Girls, Suicide, and ADHD
A new study finds some alarming relationships
A new study published online in the Journal of Consulting and Clinical Psychology reveals that girls diagnosed with ADHD are up to four times more likely to attempt suicide as young women.
The researchers recruited a heterogeneous group of 228 girls ranging in age from 6 to 12. The wide racial mixture of 53 percent white, 27 percent black, 11 percent Hispanic and 9 percent Asian-American makes this a true cross-sectional view of US society.
The study was undertaken by researchers from the University of California, Berkeley. The researchers not only found an increased likelihood of suicide as young women, but also found that young girls — especially those with early signs of impulsivity, were two to three times more likely to hurt themselves later in life. Furthermore, these girls also were more likely to continue to have ADHD symptoms and make much greater use of psychological services.
“ADHD can signal future psychological problems for girls as they are entering adulthood,” study author Stephen Hinshaw, a psychology professor at Berkeley, said in a journal news release. “Our findings reinforce the idea that ADHD in girls is particularly severe, and can have serious public-health implications.”
The researchers performed initial assessment and found 140 of the girls had ADHD. The girls diagnosed with ADHD were broken into categories: 47 were considered ADHD-inattentive. This type of ADHD means the girls had a hard time paying attention but they could sit quietly. The remaining 93 girls had ADHD-combined type. Combined type means these girls had a combination of hyperactive, impulsive and inattentive symptoms. The group that did not have ADHD was used as a control.
The core of this research is the longitudinal follow-up after the initial assessment. The researchers followed up with the girls five and 10 years later. Ninety-five percent of the girls were still involved in the study after 10 years. After the 10 year mark, they ranged in age between 17 and 24 years old.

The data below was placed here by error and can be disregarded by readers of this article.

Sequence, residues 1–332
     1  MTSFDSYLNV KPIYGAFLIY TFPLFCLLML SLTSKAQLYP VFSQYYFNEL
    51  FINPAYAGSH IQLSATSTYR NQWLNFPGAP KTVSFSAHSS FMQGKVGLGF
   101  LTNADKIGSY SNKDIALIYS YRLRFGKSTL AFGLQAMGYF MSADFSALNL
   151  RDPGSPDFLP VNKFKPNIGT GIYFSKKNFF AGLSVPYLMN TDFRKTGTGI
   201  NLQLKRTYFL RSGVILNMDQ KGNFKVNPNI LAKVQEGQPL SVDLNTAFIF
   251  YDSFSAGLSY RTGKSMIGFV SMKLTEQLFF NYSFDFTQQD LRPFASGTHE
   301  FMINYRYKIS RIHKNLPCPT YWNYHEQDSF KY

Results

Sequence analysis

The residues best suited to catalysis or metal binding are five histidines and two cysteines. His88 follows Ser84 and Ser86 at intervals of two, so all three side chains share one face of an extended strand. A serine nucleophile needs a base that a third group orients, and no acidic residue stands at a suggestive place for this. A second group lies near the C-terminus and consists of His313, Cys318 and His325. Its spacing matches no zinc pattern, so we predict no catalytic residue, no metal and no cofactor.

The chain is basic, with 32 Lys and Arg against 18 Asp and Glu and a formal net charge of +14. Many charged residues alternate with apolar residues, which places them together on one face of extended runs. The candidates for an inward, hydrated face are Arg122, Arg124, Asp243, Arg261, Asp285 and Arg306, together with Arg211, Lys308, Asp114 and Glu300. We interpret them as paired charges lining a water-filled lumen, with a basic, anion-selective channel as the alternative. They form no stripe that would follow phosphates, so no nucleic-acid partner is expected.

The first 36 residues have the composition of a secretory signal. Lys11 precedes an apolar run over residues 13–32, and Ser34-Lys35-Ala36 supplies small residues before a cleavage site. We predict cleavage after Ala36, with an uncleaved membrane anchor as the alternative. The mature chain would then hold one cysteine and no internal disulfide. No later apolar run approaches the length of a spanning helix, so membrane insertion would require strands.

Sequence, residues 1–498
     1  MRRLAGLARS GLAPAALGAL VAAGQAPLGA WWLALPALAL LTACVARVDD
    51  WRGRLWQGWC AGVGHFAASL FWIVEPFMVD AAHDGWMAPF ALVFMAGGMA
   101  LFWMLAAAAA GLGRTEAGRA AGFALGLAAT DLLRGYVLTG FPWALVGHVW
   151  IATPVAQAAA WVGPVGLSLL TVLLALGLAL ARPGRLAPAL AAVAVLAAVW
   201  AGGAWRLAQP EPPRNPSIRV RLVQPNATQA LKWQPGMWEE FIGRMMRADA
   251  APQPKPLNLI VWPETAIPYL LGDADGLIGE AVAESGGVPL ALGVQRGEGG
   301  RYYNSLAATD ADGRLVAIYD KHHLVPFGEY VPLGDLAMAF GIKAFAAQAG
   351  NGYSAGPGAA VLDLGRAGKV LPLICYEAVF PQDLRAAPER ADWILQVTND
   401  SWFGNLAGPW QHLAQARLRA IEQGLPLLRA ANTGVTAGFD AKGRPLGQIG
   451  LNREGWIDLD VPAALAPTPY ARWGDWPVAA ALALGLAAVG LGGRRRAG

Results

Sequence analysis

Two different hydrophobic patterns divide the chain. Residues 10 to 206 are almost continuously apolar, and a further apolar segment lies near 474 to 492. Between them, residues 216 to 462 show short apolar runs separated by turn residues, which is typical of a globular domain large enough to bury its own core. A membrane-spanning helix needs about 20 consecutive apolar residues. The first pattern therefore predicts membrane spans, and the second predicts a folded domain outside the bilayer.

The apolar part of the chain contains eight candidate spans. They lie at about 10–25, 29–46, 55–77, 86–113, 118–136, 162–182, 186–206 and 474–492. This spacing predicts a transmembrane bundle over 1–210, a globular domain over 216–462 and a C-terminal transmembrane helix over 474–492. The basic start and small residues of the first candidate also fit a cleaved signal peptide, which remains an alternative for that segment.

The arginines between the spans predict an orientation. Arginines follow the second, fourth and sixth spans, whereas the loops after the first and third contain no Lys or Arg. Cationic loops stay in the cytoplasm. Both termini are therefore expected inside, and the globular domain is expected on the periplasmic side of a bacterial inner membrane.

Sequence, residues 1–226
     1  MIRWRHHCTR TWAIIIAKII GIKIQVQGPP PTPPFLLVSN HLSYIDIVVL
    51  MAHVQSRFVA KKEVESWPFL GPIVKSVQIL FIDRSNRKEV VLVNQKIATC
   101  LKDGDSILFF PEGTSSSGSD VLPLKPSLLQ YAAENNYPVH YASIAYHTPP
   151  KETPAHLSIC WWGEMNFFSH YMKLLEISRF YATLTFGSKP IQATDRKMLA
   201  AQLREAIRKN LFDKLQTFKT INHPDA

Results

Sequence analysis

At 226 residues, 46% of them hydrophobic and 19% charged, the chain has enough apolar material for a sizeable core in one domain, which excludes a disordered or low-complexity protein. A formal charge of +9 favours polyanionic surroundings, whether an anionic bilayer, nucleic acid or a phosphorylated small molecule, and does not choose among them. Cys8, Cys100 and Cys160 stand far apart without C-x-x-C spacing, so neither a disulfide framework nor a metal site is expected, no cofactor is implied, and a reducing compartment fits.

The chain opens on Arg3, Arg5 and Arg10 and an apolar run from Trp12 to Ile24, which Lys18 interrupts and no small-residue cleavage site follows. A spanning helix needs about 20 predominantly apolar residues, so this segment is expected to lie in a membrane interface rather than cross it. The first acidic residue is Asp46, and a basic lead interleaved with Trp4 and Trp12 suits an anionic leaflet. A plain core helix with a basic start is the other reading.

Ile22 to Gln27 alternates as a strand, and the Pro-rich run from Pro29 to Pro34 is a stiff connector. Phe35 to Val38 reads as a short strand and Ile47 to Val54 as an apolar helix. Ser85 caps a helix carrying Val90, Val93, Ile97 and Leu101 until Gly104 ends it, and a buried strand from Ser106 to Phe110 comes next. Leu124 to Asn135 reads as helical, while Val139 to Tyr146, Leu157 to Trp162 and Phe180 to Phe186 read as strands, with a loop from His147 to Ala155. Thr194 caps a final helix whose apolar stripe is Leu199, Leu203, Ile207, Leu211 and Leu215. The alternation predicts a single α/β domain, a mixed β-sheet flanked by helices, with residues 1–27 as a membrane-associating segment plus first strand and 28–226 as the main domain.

The researchers performed extensive analysis of the girls’ lives including information about substance abuse, depression, general life problems, self-injury, suicide attempts, academic performance/achievement, and neuropsychological functioning.
- 22 percent of the girls with ADHD-combined attempted suicide at least once in the 10 years after they were diagnosed.
- 8 percent of the girls with ADHD-inattentive and 6 percent of the girls who did not have ADHD did the same.
- The researchers fount no differences in substance abuse across the three groups of girls.
- Girls in the ADHD-combined group also were much more likely attempt self-injury. 51 percent of the ADHD girls said they scratched, cut, burned or hit themselves. In comparison, only 19 percent of the girls without ADHD and 29 percent of those with ADHD-inattentive injured themselves.
“ADHD in girls and women carries a particularly high risk of internalizing, even self-harmful behavior patterns,” Hinshaw said. “We know that girls with ADHD-combined are more likely to be impulsive and have less control over their actions, which could help explain these distressing findings.”
While the study provides data regarding the relationship between ADHD and self-injury or suicide, it does not determine a cause-effect relationship. It does, however, indicate a warning need be heeded by parents of girls with ADHD.